Stuffed & Ready is the third album from LA’s post-punk trio Cherry Glazerr and a follow-up to 2017’s rather enjoyable Apocalypstick. This is a much more mature effort though. It has elements of Riot Grrl punk interspersed through it, but most songs take a much softer tone that highlights Clementine Creevy’s angelic voice.
The are touches of 60s-influenced Franco pop on Self Explained and indie-pop on Distressor, though heavy guitars are never too far away.
We have some slow swing on Isolation, before crunching guitars sweep in for the chorus. Some changes of direction on Daddi, along with a smattering of drum machine, make it stand out as more interesting than your standard alt-rock numbers.
There are a lot of competent rock numbers which, when matched with Creey’s softer vocal style, make for an enjoyable listen. This perhaps isn’t going to set the world on fire, but this release will certainly find the band some new friends.
As summer hits its stride (though I do recall the weather starting to get worse at this point) there were some top album releases, and plenty to make you jump about.
First, the quieter moments were provided by the likes of Kathryn Joseph whose delicate album of heartfelt songs had an ethereal quality to them. There was also an impressive reworking of Vivaldi’s The Four Seasons by Anna Meredith. Rather than messing too much with Vivaldi’s composition she provided a rich framework around the pieces, interpsersing her own works that gave the originals space to breath and added a new layer of experience to this classic piece.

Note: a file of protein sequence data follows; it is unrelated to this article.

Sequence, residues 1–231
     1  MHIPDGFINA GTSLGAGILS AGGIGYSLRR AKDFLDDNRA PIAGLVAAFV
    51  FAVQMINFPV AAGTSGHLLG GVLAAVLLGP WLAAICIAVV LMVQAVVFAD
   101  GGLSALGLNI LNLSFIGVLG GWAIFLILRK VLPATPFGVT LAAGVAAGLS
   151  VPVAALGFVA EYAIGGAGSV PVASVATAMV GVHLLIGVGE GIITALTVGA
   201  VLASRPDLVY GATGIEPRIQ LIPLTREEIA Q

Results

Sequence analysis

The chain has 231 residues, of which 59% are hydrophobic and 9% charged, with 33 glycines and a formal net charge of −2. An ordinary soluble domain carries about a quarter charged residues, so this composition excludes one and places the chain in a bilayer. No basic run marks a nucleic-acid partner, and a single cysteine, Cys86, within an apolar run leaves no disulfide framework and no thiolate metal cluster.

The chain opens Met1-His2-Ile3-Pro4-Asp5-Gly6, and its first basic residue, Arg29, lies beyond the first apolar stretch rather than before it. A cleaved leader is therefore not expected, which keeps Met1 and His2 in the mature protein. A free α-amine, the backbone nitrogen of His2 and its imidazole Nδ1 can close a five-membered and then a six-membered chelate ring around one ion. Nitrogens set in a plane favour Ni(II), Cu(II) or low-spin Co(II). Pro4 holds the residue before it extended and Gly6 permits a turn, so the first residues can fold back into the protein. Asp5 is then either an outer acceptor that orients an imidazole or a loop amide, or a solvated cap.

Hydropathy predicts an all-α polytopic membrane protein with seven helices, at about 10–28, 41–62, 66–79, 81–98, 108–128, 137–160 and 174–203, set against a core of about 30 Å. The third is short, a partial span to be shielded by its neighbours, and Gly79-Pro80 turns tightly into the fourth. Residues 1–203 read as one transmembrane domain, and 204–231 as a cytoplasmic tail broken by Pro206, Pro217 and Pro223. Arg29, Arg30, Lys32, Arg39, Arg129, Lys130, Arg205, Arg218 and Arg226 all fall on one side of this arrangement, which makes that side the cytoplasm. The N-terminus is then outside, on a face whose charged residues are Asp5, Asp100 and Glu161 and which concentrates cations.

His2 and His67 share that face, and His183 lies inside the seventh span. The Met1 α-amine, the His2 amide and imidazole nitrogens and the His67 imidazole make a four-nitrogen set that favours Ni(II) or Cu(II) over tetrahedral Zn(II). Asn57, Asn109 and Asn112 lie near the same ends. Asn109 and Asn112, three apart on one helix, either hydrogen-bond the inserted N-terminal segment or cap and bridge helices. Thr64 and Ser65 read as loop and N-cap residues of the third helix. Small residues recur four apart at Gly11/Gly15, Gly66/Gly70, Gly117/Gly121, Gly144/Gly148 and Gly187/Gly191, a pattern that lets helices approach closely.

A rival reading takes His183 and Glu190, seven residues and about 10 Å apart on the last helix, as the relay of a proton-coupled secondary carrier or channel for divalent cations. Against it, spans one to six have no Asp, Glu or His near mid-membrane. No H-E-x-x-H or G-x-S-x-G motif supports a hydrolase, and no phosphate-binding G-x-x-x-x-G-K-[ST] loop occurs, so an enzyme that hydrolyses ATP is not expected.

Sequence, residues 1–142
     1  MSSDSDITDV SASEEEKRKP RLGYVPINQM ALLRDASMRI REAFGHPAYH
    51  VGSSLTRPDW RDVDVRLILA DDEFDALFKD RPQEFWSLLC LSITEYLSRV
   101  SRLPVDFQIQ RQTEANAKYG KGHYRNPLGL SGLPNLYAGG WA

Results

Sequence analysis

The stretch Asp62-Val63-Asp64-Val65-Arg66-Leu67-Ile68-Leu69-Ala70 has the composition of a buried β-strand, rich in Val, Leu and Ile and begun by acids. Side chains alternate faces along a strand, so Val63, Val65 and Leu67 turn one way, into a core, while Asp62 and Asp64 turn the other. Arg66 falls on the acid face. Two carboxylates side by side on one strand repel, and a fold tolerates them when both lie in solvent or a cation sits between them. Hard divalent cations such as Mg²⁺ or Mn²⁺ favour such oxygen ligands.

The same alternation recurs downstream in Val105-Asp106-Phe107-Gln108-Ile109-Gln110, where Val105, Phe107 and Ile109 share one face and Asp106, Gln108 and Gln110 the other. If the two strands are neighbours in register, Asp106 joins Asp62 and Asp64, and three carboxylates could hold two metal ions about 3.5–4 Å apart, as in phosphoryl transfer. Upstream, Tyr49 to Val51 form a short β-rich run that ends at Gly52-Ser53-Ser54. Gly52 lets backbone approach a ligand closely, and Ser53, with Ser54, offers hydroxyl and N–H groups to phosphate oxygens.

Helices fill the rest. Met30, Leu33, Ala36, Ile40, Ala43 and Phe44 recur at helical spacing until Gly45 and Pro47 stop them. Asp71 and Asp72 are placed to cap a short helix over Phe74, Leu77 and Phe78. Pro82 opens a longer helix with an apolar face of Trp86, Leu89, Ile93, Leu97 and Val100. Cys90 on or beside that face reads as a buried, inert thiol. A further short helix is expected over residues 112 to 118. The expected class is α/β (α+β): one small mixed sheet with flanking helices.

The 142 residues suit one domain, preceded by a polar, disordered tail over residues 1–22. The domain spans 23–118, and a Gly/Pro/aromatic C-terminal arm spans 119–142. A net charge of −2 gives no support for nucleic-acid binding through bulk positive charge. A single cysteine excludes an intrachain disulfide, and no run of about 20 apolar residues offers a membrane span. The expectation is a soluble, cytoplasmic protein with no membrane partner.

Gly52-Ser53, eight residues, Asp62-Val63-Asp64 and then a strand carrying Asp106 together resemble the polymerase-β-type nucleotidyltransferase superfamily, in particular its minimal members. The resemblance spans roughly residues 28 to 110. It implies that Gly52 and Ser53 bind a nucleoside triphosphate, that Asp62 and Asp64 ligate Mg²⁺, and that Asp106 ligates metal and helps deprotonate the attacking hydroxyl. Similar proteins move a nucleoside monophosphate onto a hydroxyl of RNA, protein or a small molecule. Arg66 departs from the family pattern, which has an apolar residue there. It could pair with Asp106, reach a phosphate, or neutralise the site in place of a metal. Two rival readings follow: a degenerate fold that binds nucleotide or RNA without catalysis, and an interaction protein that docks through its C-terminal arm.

Interpol‘s latest album Marauder, didn’t really pull up and trees, but it was competent enough and their musical approach always pleases me.
Nothing flew the shoegaze flag this month while female trio Our Girl provided the indie-pop fix. Warm Drag‘s excellent debut album added a 60s go-go feel to dubby synth with a dash of indie rock thrown in to the mix as well.
Justice’s live-not-live album was also a welcome reminder of just how good this electro-dance band are when playing to a crowd – even when there’s not one there.
A strong showing from punk this month too, with Slaves and Right Shitty producing some excellent moments on their respective albums. And it was punk that also provided the album of the month.
It was never really in any doubt that IDLES would be my top album of the month. Their debut album Brutalism was probably my favourite of 2017, and Joy as an Act of Resistance built on that magnificent start with a series of hugely infectious riffs coupled with Joe Talbots’s brilliantly simple lyrical style. Their awesomeness was brought home when they played a small venue in Brighton as part of their album launch. It was an amazing experience and I suspect we will never see them playing such a small venue again. They are destined for great things.